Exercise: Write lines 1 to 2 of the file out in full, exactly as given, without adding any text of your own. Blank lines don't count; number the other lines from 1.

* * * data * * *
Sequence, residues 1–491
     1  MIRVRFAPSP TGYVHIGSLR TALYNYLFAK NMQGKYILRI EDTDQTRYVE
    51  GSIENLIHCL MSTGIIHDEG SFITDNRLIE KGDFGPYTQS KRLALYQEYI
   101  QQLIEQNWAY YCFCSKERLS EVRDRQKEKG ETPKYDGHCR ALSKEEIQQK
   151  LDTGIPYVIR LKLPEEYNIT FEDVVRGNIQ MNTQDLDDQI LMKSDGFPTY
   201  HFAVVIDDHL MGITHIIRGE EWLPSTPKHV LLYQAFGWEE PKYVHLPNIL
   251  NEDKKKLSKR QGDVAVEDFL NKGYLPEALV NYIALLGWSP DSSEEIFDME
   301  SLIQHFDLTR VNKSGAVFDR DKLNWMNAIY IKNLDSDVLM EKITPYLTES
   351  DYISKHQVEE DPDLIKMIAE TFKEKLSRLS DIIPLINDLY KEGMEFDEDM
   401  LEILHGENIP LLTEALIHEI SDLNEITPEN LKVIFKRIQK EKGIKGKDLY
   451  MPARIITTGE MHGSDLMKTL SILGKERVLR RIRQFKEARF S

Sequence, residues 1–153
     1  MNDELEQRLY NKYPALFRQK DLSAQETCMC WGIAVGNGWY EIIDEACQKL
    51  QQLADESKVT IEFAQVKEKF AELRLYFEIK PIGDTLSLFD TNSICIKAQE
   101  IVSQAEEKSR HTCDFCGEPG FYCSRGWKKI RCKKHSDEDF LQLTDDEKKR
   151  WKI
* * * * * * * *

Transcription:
Sequence, residues 1–491
     1  MIRVRFAPSP TGYVHIGSLR TALYNYLFAK NMQGKYILRI EDTDQTRYVE